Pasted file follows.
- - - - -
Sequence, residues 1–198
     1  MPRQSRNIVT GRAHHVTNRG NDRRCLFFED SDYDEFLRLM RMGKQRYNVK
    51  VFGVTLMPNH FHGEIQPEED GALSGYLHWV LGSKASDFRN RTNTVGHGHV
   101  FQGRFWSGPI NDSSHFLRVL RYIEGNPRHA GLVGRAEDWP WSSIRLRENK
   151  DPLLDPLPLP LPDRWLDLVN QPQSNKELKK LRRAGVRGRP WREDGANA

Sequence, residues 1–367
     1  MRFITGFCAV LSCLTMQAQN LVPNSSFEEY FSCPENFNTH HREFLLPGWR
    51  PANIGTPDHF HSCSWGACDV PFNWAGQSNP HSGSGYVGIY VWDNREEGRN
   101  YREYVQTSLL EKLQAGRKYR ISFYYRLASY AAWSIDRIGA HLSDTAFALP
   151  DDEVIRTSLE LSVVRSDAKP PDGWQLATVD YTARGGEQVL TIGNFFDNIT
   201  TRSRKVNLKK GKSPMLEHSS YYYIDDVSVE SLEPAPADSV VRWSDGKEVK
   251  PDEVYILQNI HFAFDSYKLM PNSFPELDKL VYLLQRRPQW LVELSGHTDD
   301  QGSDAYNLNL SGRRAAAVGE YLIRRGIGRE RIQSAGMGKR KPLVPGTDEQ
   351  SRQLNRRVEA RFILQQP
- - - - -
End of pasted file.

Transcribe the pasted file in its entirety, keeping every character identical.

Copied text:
Sequence, residues 1–198
     1  MPRQSRNIVT GRAHHVTNRG NDRRCLFFED SDYDEFLRLM RMGKQRYNVK
    51  VFGVTLMPNH FHGEIQPEED GALSGYLHWV LGSKASDFRN RTNTVGHGHV
   101  FQGRFWSGPI NDSSHFLRVL RYIEGNPRHA GLVGRAEDWP WSSIRLRENK
   151  DPLLDPLPLP LPDRWLDLVN QPQSNKELKK LRRAGVRGRP WREDGANA

Sequence, residues 1–367
     1  MRFITGFCAV LSCLTMQAQN LVPNSSFEEY FSCPENFNTH HREFLLPGWR
    51  PANIGTPDHF HSCSWGACDV PFNWAGQSNP HSGSGYVGIY VWDNREEGRN
   101  YREYVQTSLL EKLQAGRKYR ISFYYRLASY AAWSIDRIGA HLSDTAFALP
   151  DDEVIRTSLE LSVVRSDAKP PDGWQLATVD YTARGGEQVL TIGNFFDNIT
   201  TRSRKVNLKK GKSPMLEHSS YYYIDDVSVE SLEPAPADSV VRWSDGKEVK
   251  PDEVYILQNI HFAFDSYKLM PNSFPELDKL VYLLQRRPQW LVELSGHTDD
   301  QGSDAYNLNL SGRRAAAVGE YLIRRGIGRE RIQSAGMGKR KPLVPGTDEQ
   351  SRQLNRRVEA RFILQQP